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R.D. Burman has influenced the bollywood music more than any other music director of his times and brought glitzy dance-oriented music to the stagnated techniques of the '70s. His approach, which takes cues from Western rock and electronic music and amalgamates it perfectly with Indian chorus and rhythm-based melodies is unprecedented and years ahead of his time. The use of new recording techniques and instruments reflected upon the changing attitude of his audience and acted as a trendsetting innovation to the Indian music industry.

Rahul Dev Burman (popularly known as Pancham) was born in Calcutta, India to the renowned music director S.D. Burman. In his initial years, Rahul learned the basics of rhythm from tabla maestro Brajen Biswas and sarod from Ali Akbar Khan and later Ashish Khan. He entered the bollywood music industry as an assistant to his father with Pyaasa being the first official film.

Rahul's first break as an independent music director came through the film Raaz. Unfortunately, the film was dropped and the unused songs were used for Chote Nawab. In 1966, Rahul gave music for the film Teesri Manzil which became his first box office hit.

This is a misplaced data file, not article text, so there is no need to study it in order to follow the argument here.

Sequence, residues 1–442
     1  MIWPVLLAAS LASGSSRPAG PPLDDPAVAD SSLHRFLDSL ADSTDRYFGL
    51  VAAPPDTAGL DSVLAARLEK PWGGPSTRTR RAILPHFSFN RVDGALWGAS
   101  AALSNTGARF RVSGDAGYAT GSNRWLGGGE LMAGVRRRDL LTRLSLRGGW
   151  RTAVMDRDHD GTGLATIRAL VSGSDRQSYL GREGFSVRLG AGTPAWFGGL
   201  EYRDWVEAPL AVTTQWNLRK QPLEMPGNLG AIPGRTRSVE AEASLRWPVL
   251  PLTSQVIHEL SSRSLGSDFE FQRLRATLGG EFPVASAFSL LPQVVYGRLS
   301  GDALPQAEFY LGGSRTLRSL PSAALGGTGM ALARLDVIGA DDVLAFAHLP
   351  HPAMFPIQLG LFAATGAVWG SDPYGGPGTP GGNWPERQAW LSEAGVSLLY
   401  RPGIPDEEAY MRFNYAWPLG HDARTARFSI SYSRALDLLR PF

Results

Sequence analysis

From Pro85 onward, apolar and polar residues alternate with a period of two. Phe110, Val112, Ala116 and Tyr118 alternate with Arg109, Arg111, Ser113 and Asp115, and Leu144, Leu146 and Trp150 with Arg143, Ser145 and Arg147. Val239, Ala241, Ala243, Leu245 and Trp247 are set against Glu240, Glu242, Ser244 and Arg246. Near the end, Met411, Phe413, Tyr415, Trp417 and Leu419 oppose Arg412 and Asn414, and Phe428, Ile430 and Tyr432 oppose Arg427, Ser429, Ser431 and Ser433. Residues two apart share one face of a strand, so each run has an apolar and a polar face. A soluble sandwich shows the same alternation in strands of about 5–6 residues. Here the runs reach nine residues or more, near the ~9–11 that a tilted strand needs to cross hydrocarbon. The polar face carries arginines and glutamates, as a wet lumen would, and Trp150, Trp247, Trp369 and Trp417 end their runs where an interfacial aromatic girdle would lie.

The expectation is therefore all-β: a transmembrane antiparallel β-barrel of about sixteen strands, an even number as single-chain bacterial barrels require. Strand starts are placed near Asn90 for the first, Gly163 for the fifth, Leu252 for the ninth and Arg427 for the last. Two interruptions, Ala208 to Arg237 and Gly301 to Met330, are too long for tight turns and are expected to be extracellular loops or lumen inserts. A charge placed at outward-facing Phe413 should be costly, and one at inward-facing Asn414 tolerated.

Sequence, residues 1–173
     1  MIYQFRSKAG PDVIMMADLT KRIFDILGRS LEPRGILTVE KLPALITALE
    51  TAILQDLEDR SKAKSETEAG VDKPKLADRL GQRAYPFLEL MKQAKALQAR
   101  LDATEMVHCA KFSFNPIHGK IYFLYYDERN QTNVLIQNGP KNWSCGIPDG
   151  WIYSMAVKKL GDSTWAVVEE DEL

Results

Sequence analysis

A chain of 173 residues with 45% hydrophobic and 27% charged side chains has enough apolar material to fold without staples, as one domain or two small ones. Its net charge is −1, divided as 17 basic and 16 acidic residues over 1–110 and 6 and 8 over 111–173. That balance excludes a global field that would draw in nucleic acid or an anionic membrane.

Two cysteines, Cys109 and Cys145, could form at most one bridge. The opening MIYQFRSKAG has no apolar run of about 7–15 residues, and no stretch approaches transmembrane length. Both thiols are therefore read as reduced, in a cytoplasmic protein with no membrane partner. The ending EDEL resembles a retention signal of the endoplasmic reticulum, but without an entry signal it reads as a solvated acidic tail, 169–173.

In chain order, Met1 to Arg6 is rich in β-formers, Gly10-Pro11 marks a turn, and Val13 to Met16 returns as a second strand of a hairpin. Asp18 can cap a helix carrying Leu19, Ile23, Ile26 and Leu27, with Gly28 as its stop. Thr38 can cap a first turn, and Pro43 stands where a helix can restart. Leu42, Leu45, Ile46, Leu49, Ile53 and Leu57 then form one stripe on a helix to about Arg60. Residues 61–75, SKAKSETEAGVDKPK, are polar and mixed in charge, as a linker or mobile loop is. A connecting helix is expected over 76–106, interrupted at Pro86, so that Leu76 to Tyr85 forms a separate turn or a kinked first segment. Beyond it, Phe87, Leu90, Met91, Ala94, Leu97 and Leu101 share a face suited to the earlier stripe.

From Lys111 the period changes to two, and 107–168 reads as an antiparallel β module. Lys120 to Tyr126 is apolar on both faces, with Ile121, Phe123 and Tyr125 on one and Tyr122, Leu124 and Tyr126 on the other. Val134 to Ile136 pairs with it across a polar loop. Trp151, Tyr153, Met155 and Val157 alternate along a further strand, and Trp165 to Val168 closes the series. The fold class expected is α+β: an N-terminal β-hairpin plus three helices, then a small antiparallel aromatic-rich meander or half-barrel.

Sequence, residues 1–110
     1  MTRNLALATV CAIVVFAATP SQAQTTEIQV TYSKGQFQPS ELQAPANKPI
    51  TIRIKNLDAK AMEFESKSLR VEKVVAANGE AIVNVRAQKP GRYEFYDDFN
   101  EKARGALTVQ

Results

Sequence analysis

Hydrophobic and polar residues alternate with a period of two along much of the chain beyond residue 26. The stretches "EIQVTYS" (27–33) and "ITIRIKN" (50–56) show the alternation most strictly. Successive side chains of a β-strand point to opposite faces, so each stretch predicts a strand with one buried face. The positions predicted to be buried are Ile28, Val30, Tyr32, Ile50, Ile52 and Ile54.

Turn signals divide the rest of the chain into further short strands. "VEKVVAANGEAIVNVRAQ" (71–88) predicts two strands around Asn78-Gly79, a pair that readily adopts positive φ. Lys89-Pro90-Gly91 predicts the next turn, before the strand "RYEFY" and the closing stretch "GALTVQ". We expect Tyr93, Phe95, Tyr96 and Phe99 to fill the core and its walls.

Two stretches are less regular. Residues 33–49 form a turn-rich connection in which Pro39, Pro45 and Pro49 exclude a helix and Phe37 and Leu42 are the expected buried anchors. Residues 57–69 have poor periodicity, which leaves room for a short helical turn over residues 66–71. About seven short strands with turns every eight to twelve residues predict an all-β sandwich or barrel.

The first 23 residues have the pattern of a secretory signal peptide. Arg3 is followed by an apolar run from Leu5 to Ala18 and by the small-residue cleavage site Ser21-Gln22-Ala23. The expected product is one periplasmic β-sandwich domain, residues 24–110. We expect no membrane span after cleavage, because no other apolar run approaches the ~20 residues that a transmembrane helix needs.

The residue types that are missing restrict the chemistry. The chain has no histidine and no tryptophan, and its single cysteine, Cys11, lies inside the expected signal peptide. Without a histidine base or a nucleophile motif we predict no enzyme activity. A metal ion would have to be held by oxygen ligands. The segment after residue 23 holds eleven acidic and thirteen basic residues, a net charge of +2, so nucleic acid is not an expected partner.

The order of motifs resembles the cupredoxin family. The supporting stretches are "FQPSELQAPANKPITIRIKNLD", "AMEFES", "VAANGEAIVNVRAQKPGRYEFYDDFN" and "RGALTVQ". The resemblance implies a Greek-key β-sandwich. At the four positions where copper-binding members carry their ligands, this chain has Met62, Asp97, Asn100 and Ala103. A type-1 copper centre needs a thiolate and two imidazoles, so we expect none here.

In early 1970's, Rahul's became the most preferred music directors of his era with hits for films like Kati patang, Amar prem, Buddha mil gaya, Caravan, and Hare Rama Hare Krishna. The song "Dum Maro Dum" from the film Hare Rama Hare Krishna became a hippy anthem of its times and was used in Grand Theft Auto: Liberty City Stories soundtrack in 2006. Rahul also sang at times with his grunt bass laden voice; most notable of these being "Mehbooba Mehbooba" from the film Sholay and "Duniya Mein" from Apna Desh.

R.D. Burman gave some of the biggest hits of 1970's and early 80's including films like Aandhi, Kinara, Khusboo, Parichay and Golmaal. However, his career took a dip by late 80's with the advent of the disco styled dance music. Most of his music failed to make any significant impression on his audience except that of Sagar and Ijaazat. 1942: A Love Story; released after his death; won him his third Filmfare Award. ~ Bhasker Gupta, Rovi